WASHINGTON — AT&T Inc. said it successfully demonstrated its 5G network at Naval Base Coronado in California as part of a Department of Defense effort to embrace the technology and create so-called smart warehouses.
Data transfer speeds of 3.9 gigabits per second, with less than 10 milliseconds of latency, were delivered during the April 28 showcase, according to AT&T, the largest U.S. telecommunications company by revenue. . The private network powered virtual and augmented reality, high definition video surveillance and extended artificial intelligence experiences from the cloud.
“The AT&T 5G-powered solution we delivered to Naval Base Coronado is a first-of-its-kind, high-performance, highly secure, and scalable private network solution,” said Lance Spencer, executive vice president, defense customer. at AT&T. in a report. “We expect it to serve as the foundation for improving the efficiency, speed, accuracy, safety and security of naval warehouse operations.”
The announcement comes four months after AT&T claimed initial success in 5G testing for smart warehouses — with speeds over 4 gigabits per second — on a test bed in Richardson, Texas.
The Pentagon unveiled in October 2020 a $600 million investment in 5G experimentation at five US military facilities, representing the largest large-scale tests for dual-use applications in the world. Additional investments were made in 2021.
At Naval Base Coronado, the intent is to forge a 5G-powered smart warehouse that can improve the efficiency and fidelity of shore-to-ship logistics. Another smart warehouse, focused on vehicle storage and maintenance, is wanted at Marine Corps Logistics Base Albany, Georgia.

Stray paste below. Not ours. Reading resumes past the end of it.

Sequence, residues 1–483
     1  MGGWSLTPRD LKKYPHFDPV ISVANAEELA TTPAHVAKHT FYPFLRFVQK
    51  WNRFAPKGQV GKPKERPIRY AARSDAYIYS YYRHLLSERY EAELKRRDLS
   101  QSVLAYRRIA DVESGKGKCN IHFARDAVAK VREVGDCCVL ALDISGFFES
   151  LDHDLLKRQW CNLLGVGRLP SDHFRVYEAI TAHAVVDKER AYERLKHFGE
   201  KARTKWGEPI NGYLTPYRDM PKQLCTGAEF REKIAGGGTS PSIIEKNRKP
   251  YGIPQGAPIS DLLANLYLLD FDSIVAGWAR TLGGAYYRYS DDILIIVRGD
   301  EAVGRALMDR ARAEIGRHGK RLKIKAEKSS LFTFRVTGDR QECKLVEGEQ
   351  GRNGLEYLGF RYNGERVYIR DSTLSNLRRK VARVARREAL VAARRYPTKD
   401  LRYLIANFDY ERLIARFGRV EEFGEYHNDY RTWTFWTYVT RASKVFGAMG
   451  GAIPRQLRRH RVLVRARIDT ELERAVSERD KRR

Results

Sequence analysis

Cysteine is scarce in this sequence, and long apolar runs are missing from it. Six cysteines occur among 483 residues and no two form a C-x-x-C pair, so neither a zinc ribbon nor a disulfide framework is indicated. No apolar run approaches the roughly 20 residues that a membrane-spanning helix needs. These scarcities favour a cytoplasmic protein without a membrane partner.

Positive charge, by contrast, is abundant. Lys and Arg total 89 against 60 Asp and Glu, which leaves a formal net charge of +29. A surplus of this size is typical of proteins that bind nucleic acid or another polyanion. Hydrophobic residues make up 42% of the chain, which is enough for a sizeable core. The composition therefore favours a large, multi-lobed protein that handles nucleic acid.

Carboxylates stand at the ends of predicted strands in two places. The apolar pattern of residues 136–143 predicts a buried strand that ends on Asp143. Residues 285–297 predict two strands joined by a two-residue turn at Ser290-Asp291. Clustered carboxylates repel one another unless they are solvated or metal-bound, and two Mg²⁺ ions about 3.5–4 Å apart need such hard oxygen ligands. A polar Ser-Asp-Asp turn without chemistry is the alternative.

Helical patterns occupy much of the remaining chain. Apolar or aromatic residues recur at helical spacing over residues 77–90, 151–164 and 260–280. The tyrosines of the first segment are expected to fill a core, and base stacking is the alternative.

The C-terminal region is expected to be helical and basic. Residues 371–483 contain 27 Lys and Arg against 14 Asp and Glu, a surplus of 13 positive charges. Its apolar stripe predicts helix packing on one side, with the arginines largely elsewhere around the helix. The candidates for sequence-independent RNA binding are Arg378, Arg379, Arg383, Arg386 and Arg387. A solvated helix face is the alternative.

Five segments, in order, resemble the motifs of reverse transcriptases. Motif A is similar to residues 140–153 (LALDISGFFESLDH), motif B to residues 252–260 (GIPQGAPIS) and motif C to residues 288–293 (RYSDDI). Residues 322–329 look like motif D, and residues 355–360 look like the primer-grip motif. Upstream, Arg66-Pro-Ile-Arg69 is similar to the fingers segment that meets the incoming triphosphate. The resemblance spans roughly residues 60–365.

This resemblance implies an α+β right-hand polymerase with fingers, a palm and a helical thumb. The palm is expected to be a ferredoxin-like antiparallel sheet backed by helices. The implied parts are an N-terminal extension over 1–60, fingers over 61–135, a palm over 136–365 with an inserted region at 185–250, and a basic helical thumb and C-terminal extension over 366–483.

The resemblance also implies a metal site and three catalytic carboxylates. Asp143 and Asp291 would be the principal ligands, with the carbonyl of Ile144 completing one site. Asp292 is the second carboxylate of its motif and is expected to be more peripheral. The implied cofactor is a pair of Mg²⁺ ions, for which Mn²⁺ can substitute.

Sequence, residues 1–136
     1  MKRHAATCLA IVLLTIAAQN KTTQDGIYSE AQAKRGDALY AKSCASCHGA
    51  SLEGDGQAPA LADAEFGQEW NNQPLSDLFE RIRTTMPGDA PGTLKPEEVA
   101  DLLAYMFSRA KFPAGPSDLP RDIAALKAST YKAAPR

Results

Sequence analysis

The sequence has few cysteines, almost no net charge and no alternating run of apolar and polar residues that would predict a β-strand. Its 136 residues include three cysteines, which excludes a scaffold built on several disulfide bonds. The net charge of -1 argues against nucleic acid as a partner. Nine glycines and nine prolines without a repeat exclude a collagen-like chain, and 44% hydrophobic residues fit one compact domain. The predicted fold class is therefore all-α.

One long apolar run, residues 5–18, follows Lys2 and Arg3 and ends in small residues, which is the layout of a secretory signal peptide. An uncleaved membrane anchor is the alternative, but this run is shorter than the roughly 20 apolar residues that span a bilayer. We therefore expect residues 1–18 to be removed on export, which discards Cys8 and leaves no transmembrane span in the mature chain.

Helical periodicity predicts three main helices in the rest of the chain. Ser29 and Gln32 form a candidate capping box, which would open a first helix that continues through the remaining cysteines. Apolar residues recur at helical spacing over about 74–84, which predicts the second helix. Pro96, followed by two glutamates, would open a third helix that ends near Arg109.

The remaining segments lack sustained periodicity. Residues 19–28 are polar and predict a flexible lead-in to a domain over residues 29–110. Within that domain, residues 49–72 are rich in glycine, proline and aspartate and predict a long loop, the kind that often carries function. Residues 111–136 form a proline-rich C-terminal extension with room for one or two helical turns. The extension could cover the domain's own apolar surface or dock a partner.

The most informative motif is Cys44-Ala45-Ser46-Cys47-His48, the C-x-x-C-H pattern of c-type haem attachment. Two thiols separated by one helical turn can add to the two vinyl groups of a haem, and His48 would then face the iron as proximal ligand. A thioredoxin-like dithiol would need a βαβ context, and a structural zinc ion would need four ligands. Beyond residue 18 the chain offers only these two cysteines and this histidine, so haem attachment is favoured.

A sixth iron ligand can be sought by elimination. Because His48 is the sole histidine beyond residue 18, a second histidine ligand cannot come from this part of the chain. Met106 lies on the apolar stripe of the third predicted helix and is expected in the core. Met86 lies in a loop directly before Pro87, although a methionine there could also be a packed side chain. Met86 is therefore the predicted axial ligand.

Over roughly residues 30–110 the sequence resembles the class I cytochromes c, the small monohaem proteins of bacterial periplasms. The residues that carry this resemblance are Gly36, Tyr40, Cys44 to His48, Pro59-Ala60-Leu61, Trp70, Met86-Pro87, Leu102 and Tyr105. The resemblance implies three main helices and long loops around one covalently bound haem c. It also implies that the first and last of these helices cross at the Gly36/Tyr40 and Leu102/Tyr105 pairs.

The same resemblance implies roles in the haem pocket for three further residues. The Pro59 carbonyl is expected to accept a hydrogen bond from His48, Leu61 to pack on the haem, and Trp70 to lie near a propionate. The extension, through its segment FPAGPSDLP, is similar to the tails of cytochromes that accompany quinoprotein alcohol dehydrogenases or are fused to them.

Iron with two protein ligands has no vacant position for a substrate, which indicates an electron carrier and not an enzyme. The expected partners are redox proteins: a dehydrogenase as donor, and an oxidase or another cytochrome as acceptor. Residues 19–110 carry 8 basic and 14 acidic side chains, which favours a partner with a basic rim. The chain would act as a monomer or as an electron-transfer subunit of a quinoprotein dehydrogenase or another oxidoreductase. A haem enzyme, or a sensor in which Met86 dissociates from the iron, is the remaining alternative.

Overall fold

“This technology is critical to the national and economic security of the United States,” said Capt. Timothy Brown, commanding officer of Naval Supply Systems Command Fleet Logistics Center in San Diego. “As one of the first sites funded to test this technology for the U.S. military, we will help map 5G development and DoD strategies going forward.”
Fifth-generation wireless technologies promise faster speeds, reduced latency, and the ability to accommodate increasingly advanced devices compared to its predecessors.
Pentagon officials see 5G as a pillar of defense modernization and international competition. The Navy’s director of digital innovation, Michael Galbraith, said in April that 5G will enable future operations and benefits.
“We in the navy, you know, we’ve been working on the cutting edge, we’ve been working on the cutting edge since the 1700s,” Galbraith told the Cloudera Government Forum. “In this area of information, there are other network capabilities, and 5G is, again, a great enabler.”
The Department of Defense secured some $338 million for 5G and microelectronics in fiscal year 2022. It is seeking $250 million for 2023.
Colin Demarest is a reporter at C4ISRNET, where he covers military networks, cyber and IT. Colin previously covered the Department of Energy and its NNSA — namely the Cold War cleanup and the development of nuclear weapons — for a South Carolina daily. Colin is also an award-winning photographer.